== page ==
North Carolina’s charter schools are seeing troubling trends in academic performance, even as their popularity grows.
That created some intense discussion at the state Board of Education Wednesday.
For instance, Charter School Director Dave Machado told the board that last year 42 of North Carolina’s 178 charter schools were rated low performing – a higher percentage of failure than the state’s traditional public schools logged.
The annual charter school report raised some tough questions about a form of public education that’s growing every year. This year the North Carolina has about 116,000 students in 196 charter schools, which report to independent boards rather than school districts.
Granted, many charter schools perform well: 79 earned A’s or B’s last year, based on student test scores. But charter schools underperformed traditional public schools on academic growth, and saw many measures trend down last year.
Alex Quigley, a former charter school principal who chairs the state’s Charter School Advisory Board, said the absence of a district bureaucracy and freedom from some regulations is great when a charter school has a strong leader. But that’s not always the case.
"I do think in a charter school world there’s less of a safety net," Quigley told the board. "There are fewer controls and checks and balances than you would have in a district. So that can, I think, accelerate failure in some cases when you have a poor leader."
In charter schools and school districts, failure tends to track poverty levels. The charter report shows that 95% of the charter schools that earned A’s had poverty levels at or below 20%, while 83% of the F charter schools had poverty levels of 40% or higher. About a dozen of last year’s low-performing charter schools are in the Charlotte region.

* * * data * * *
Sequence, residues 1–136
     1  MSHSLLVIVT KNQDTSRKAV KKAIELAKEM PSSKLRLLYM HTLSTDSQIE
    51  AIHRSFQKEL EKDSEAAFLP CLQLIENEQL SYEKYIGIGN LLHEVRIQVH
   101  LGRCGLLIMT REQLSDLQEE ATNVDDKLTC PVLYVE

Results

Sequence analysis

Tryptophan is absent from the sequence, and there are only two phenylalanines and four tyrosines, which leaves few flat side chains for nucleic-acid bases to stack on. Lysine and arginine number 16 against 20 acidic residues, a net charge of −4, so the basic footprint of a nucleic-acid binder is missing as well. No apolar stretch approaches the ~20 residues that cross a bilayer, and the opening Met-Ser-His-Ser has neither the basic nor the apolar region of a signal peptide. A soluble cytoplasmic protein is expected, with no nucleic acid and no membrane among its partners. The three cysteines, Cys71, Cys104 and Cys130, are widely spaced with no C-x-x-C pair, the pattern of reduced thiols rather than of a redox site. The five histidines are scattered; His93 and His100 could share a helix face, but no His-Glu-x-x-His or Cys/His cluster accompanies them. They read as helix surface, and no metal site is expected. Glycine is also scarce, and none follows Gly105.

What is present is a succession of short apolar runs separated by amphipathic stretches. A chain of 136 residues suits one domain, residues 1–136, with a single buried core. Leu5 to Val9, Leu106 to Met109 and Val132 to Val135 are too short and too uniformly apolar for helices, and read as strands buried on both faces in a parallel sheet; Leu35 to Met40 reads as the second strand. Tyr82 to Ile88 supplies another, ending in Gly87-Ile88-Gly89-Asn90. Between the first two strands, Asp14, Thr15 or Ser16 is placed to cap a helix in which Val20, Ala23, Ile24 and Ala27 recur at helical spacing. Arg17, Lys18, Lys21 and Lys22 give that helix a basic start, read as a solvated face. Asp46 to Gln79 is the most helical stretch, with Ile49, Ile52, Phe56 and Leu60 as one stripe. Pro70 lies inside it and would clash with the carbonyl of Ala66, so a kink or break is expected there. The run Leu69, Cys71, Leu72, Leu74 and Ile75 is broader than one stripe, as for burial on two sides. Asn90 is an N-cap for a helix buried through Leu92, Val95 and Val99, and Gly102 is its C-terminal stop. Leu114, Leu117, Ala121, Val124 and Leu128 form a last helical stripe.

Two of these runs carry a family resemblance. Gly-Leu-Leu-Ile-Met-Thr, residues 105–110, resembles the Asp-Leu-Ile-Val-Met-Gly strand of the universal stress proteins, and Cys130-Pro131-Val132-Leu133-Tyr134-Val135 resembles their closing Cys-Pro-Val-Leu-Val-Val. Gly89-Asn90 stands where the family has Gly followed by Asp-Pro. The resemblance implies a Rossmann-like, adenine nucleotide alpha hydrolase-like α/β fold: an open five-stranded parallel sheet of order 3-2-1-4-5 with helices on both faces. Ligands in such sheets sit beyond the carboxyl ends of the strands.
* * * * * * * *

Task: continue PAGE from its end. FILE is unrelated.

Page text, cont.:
Machado says his office doesn’t have enough staff to provide ongoing support for low-performing schools.
"Unfortunately we make a site visit, we give them a report, and we don’t have the manpower to go back again to see if they’ve improved until next year, if they’re on the same list," he said.
Some Board of Education members questioned Quigley about the advisory board’s decision to rewrite the annual report, removing some comparisons between the racial demographics in charter and district schools. James Ford, a Charlotte education consultant and former teacher, said the state can’t shy away from racial disparities.
"If it’s a matter of accuracy, I get it, you know," Ford said. "But if it’s because we think things will get blown out of proportion or won’t play well in the media or won’t conform to a prescribed agenda, then I think we’re moving out of the realm of public accountability and moving into public relations."
Quigley, the advisory board chair, said the state should dive deeper into all sorts of charter school data, given the surge in schools and enrollment since the state lifted the 100-school limit in 2011.
"We’re about to reach the point where we have doubled the number of charter schools in the state," he said.
But Quigley said the annual report, which is required by the General Assembly, may not be the right format – and he questioned whether the state’s charter school office has the staff and expertise to do that work.
Meanwhile, the state is about to decide on another round of applications to open new charter schools in 2020 and 2021.